Compare  and  contrast  the advantages  and  disadvantages  of coiling versus clipping of cerebral aneurysms after Sub-Arachnoid Haemorrhage.

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College Answer

Recent published experience demonstrates that there are some significant potential benefits associated with coiling of cerebral aneurysms.  These include decreased costs, no need for craniotomy and associated neuroanaesthetic, and increased independent survival (“ISAT” Lancet 2002; 360:1267-74).  Other potential advantages include no need for temporary clipping. Major disadvantages include the need for a skilled operator, the fact that technique is not suitable for all aneurysms, requirement for anticoagulation, and inability to deal with major complications.   A neurosurgical procedure may still be required if complications ensue.

Clipping has a long track record with clearly defined risks, with no evidence of increased mortality.  Most aneurysms are amenable to clipping, though in some regions (eg. posterior fossa), because of accessibility, coiling is considered the procedure of choice. Disadvantages of surgical clipping include need for a skilled operator, a craniotomy and neuroanaesthesia, and potentially increased costs.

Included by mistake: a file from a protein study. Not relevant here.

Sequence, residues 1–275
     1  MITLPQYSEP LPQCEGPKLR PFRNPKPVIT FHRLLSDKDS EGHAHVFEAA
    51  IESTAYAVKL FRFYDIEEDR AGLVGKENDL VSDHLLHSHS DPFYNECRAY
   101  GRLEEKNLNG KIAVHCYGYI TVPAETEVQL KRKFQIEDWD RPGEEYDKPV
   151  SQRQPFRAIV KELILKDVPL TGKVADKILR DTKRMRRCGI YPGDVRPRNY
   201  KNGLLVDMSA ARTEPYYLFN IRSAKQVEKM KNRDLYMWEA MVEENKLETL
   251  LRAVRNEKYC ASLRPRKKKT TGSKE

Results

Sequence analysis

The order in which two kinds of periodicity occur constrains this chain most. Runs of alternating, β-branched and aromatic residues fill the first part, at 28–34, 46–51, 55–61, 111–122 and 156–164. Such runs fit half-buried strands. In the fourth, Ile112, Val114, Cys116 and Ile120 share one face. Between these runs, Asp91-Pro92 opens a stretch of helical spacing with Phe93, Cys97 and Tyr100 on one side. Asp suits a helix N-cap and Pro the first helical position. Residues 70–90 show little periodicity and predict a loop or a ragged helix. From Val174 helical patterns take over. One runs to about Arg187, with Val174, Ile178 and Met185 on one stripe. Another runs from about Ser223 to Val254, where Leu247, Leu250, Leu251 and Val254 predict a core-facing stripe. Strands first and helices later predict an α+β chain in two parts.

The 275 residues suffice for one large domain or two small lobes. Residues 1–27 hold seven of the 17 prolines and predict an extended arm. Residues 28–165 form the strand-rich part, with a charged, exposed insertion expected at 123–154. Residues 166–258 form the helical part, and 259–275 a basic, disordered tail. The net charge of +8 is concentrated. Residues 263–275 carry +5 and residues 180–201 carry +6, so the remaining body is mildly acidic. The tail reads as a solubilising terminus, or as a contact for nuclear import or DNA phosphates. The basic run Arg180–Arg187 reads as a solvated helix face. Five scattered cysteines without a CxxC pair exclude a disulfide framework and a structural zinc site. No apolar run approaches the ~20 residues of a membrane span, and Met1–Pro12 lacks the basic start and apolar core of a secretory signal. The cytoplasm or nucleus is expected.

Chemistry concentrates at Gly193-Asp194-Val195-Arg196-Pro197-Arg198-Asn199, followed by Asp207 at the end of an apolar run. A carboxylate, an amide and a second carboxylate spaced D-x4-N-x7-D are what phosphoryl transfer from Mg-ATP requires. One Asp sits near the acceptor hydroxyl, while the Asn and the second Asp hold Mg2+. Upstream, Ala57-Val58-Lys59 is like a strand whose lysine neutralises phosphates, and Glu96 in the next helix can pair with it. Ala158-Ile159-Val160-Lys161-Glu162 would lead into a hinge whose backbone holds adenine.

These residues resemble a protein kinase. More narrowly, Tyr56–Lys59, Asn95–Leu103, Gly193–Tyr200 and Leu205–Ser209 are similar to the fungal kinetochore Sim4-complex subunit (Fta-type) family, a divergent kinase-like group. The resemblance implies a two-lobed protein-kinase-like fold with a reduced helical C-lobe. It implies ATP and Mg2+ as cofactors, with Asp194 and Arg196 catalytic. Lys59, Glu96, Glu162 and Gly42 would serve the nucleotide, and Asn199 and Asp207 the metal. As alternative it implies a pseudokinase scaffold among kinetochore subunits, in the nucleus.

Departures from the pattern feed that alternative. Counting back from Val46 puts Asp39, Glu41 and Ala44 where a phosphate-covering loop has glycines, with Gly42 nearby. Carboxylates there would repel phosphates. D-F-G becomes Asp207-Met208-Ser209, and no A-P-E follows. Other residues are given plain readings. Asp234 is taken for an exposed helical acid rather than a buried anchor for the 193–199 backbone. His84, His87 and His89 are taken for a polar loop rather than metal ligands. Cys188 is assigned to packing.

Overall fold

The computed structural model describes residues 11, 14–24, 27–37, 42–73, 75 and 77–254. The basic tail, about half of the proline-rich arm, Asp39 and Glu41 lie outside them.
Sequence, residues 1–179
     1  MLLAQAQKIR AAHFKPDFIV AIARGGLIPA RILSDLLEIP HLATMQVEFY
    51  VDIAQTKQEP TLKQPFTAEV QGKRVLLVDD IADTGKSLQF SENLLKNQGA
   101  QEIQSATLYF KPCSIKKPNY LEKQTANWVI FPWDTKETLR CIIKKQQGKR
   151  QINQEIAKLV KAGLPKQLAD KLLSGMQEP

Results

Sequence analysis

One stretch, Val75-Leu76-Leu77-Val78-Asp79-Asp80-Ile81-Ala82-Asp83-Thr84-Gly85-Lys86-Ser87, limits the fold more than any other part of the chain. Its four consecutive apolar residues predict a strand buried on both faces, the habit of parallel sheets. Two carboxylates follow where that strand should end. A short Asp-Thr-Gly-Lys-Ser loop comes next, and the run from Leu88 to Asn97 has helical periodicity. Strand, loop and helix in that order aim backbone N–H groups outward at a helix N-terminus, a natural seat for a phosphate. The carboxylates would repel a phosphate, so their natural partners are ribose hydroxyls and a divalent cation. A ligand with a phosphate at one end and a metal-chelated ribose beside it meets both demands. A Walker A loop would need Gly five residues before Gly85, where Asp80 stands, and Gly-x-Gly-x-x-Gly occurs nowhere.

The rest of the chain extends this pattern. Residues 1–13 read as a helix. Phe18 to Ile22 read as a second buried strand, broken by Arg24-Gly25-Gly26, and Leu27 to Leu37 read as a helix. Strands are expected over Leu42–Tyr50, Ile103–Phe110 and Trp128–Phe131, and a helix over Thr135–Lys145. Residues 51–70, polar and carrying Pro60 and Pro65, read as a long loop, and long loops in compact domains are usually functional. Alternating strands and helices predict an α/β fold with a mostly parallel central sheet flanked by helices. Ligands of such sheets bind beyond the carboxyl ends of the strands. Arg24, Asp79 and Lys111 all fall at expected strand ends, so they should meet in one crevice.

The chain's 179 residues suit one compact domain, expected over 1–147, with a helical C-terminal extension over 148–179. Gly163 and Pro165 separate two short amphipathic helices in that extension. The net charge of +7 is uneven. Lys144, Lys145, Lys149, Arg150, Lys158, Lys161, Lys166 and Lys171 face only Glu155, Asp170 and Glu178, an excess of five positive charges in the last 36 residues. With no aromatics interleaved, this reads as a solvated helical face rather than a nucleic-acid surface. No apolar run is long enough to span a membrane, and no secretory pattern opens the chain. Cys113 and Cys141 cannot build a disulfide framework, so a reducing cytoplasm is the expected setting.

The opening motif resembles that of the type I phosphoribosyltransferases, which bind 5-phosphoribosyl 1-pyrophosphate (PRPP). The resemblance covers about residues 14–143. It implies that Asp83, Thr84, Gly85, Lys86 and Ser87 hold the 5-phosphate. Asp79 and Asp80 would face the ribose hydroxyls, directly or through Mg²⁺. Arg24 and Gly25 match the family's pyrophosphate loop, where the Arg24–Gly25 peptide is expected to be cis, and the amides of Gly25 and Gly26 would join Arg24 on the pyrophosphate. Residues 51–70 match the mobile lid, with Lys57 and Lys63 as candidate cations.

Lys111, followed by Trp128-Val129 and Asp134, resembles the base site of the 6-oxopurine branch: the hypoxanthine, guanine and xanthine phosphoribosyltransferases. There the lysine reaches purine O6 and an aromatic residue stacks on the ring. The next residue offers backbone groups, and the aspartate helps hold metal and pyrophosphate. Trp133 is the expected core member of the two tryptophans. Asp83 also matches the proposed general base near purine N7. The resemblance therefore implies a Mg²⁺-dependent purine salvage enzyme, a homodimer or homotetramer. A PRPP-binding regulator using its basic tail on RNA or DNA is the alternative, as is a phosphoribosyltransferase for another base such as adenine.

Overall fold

Both techniques require some degree of sedation/paralysis, and subsequent neuro-Intensive care with close monitoring and re-evaluation for complications.  Either technique may be quite prolonged.

Discussion

The coiling vs clipping debate is aired briefly in the chapter on management of the unsecured aneurysm in subarachnoid haemorrhage.  In it, there is this table:

Coiling vs clipping in ruptured aneurysms

Advantages of coiling:

  • minimally invasive
  • improved survival at 1 year
  • Better effects in posterior fossa aneurysms
  • Less risk of cognitive decline or epilepsy

Advantages of clipping:

  • More certain: 81% of aneurysms are completely obliterated
  • Less risk of rebleeding (0.9%)
  • MCA aneurysms are more amenable to clipping

Disadvantages of coiling

  • Greater risk of rebleeding (2.9%)
  • Fewer aneurysms get completely obliterated (58%)
  • Small aneurysms (<3mm) are impossible to coil

Disadvantages of clipping:

  • More invasive
  • Greater risk of cognitive decline or epilepsy
  • Survival rates equivalent at 5 years
  • Posterior fossa aneurysms are inaccesible to clipping

 

References